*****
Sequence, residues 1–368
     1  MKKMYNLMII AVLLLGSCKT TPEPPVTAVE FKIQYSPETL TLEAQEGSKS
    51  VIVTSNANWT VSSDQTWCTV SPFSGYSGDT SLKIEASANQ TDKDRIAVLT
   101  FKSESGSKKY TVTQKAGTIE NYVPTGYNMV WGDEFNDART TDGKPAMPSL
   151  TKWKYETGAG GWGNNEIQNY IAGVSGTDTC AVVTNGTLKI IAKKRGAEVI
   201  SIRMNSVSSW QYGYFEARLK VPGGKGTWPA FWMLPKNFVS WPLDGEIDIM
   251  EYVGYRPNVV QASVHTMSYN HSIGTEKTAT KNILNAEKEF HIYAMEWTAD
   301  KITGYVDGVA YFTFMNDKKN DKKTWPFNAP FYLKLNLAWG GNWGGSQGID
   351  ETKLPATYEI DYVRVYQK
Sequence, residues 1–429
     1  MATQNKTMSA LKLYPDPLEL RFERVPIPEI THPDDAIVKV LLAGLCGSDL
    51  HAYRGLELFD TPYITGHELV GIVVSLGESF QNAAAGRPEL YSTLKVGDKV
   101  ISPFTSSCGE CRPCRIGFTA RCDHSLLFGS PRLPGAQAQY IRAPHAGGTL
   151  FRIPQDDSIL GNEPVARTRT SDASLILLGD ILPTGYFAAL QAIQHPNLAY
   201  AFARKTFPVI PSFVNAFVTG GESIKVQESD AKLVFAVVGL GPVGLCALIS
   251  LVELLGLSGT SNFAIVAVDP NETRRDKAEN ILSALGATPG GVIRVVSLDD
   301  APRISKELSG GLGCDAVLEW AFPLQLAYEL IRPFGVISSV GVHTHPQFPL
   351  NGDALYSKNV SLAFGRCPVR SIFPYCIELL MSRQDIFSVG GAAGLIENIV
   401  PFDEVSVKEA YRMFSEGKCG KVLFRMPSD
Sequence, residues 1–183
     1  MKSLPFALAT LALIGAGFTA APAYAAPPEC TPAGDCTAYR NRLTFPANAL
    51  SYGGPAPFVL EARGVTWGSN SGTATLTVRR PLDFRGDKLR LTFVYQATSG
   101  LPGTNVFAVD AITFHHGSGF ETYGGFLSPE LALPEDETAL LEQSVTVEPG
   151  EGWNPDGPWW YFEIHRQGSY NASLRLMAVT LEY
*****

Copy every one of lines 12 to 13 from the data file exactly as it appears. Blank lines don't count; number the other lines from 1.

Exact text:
    51  HAYRGLELFD TPYITGHELV GIVVSLGESF QNAAAGRPEL YSTLKVGDKV
   101  ISPFTSSCGE CRPCRIGFTA RCDHSLLFGS PRLPGAQAQY IRAPHAGGTL